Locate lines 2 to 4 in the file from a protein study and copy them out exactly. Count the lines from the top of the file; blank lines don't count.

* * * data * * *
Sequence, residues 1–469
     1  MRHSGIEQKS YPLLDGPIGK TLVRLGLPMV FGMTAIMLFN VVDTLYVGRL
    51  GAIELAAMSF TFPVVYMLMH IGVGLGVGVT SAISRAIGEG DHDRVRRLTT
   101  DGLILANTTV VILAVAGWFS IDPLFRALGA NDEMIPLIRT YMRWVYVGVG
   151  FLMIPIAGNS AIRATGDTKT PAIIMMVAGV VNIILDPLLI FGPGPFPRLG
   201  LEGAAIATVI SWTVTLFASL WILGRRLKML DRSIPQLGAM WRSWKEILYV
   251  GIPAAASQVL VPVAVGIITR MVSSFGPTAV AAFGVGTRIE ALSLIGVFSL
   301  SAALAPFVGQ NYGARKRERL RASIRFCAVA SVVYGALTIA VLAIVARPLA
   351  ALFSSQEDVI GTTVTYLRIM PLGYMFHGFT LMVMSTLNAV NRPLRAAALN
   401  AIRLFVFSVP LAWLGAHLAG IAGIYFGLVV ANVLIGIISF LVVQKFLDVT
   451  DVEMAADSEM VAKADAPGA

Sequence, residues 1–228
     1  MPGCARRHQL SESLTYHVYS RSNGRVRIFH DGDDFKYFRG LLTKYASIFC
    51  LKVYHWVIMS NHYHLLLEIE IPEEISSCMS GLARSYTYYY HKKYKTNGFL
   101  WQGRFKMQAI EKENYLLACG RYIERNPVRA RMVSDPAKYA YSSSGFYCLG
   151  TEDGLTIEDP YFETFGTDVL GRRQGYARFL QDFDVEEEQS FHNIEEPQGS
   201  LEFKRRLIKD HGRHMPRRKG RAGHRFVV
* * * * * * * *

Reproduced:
     1  MRHSGIEQKS YPLLDGPIGK TLVRLGLPMV FGMTAIMLFN VVDTLYVGRL
    51  GAIELAAMSF TFPVVYMLMH IGVGLGVGVT SAISRAIGEG DHDRVRRLTT
   101  DGLILANTTV VILAVAGWFS IDPLFRALGA NDEMIPLIRT YMRWVYVGVG